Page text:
It isn’t just that they can’t make the vocal noises required to form words. There’s some evidence that speech and intelligence are intimately related, that it’s only language that allows us to formulate abstract ideas. There is a reason why your dog is quite capable of telling you it’s hungry, but has yet to reminisce about that walk in the park last Sunday.
Columbia University linguist Herbert Terrace thought all this worth investigating. So, in 1973, he came up with an experiment. He’d take a baby chimp from its mother, give it to a human family and teach it to communicate using sign language. Thus we’d find out what facilities our nearest relatives, at least, have to express themselves. The animal in question he named Nim Chimpski, a joke at the expense of a better known academic rival.
James Marsh’s ‘Project Nim’ uses a combination of interviews, archive footage and reconstructions to document the experiment in all its lunacy and dodgy ethics, and its story is disturbing on a number of levels. For one thing, Nim’s progress from rural idyll to medical lab is oddly reminiscent of Kazuo Ishiguro’s ‘Never Let Me Go’.
Just when you think it’s all going to end in tragedy, though, there’s a twist straight out of ‘Miracle on 34th Street’, and it turns to farce instead.
Then there’s the fact that most of the key players in this story are, let’s be blunt about this, nuts. Terrace is a shrivelled, moustachioed lump of self-justification, and seems to have a moral code less evolved than that of his subject. (Nim, at least, knows the word ’sorry’.)
His adoptive ‘mother’ Stephanie LaFarge is little better, bringing a chimp into a house of seven children on the Upper West Side and – this is the upsetting part – breast-feeding him. Later, after a decade apart, she visits Nim in his new home, and tells us “he wasn’t particularly attractive to me now he was an adult chimp”. It all raises rather a lot of unpleasant questions.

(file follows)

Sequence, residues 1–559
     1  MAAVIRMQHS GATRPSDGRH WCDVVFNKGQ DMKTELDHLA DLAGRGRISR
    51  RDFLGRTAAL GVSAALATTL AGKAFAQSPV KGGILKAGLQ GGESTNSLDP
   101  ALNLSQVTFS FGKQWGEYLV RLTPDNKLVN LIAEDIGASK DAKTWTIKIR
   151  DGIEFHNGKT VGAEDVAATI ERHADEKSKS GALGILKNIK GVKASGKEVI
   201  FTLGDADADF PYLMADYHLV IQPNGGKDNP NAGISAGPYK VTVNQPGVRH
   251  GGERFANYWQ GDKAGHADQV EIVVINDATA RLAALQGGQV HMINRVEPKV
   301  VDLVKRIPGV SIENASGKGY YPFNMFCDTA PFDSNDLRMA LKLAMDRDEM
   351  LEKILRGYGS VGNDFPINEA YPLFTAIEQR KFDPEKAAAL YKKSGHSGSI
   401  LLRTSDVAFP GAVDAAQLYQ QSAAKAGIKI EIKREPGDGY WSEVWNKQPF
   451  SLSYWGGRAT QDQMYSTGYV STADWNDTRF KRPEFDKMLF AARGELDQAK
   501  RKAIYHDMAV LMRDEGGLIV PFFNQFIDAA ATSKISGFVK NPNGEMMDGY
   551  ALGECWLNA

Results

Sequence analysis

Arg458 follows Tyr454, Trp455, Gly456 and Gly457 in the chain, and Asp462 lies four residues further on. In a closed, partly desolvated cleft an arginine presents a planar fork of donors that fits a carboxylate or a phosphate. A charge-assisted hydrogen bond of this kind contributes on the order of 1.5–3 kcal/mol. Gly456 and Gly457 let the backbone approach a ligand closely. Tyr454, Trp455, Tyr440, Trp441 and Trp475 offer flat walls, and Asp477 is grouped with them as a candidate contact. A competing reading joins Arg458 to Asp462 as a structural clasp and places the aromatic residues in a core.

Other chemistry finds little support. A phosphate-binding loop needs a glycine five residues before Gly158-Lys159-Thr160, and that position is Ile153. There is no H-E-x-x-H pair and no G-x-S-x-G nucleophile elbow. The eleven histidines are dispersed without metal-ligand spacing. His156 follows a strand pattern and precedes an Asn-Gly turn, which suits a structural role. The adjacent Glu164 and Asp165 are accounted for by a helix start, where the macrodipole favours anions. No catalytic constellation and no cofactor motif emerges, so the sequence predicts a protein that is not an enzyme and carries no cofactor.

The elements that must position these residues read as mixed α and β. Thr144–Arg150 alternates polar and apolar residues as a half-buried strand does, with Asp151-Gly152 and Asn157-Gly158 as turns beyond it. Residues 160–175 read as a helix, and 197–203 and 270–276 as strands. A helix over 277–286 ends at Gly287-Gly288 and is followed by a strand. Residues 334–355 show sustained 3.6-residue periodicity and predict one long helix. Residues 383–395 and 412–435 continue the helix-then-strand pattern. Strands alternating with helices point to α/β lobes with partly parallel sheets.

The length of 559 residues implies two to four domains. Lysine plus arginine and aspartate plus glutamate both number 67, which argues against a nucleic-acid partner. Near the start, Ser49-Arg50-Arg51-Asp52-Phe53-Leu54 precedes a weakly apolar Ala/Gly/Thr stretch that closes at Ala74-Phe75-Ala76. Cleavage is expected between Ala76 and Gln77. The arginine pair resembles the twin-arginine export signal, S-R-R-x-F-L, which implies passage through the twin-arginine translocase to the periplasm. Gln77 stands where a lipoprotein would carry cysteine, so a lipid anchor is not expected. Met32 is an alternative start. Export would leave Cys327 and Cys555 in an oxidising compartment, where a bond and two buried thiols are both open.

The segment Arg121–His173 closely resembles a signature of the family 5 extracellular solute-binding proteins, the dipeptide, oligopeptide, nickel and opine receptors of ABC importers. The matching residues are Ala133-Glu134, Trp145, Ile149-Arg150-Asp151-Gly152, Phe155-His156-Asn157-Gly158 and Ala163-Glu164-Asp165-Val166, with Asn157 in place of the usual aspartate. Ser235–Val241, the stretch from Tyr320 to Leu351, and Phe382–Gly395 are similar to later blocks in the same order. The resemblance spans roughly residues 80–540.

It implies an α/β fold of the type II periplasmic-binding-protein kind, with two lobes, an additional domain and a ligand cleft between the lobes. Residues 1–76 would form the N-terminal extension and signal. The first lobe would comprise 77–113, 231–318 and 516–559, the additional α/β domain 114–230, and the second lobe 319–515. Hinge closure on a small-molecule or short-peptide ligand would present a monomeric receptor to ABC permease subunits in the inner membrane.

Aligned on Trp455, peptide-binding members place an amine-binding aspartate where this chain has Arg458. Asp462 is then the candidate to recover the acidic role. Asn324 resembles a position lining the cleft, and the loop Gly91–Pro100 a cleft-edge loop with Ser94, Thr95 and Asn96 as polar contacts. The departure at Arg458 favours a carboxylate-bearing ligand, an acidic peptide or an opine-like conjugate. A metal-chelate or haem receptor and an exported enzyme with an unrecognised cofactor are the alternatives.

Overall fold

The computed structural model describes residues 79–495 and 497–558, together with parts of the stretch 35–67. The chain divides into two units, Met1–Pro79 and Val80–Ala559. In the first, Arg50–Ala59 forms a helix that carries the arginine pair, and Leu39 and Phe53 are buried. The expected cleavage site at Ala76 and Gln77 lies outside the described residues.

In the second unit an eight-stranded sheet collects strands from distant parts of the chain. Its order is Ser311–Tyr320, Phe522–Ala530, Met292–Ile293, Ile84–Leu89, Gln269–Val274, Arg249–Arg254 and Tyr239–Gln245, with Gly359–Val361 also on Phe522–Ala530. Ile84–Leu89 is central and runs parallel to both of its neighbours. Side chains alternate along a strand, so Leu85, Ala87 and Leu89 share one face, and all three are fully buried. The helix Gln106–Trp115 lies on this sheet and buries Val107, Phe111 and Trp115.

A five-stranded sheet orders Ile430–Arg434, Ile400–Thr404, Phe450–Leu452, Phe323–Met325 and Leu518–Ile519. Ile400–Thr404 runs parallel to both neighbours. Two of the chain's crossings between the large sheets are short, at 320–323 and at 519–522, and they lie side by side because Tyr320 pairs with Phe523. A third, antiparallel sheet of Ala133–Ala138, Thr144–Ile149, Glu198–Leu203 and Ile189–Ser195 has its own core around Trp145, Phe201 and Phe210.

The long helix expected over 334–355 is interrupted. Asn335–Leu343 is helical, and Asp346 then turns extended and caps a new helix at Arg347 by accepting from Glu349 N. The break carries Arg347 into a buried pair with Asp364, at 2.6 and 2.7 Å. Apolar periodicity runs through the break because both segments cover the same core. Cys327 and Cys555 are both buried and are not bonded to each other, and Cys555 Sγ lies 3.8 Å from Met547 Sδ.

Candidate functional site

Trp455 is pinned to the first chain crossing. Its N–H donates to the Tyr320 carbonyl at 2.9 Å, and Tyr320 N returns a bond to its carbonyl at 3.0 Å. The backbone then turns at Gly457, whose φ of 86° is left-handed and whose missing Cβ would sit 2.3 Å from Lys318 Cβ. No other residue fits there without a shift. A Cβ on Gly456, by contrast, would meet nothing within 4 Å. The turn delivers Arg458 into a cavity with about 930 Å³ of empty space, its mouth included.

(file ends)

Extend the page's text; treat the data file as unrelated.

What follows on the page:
This blurring between Nim’s ‘human’ and animal natures is the most fascinating and uncomfortable thing about the entire venture. He wears clothes, knows what you do with shoes, drinks booze and smokes pot. He can tell you what he wants, how he’s feeling, and, when he tires of his lessons, that he needs to use the toilet. Some of his carers clearly saw him as more child than animal, bitterly accusing Terrace of deceiving him and weeping copiously at the memory of his story.
But – he’s a chimp. He’s capable of sudden, horrible violence, coming close to maiming at least two of his carers. At one point, he asks someone to pass him a cat because he fancies a cuddle. He tries to have sex with it.
If the experiment raises questions about Nim’s dual natures, though, Marsh’s film does the same for its human players. They’re cruel and abusive, they fight each other for dominance, they take a baby from its mother even as both scream. Terrace and LaFarge alike deny their lusts had any part to play in their actions, and we don’t believe either one of them. Animals may not all be human, but all humans are undoubtedly animals.
Project Nim is available on DVD now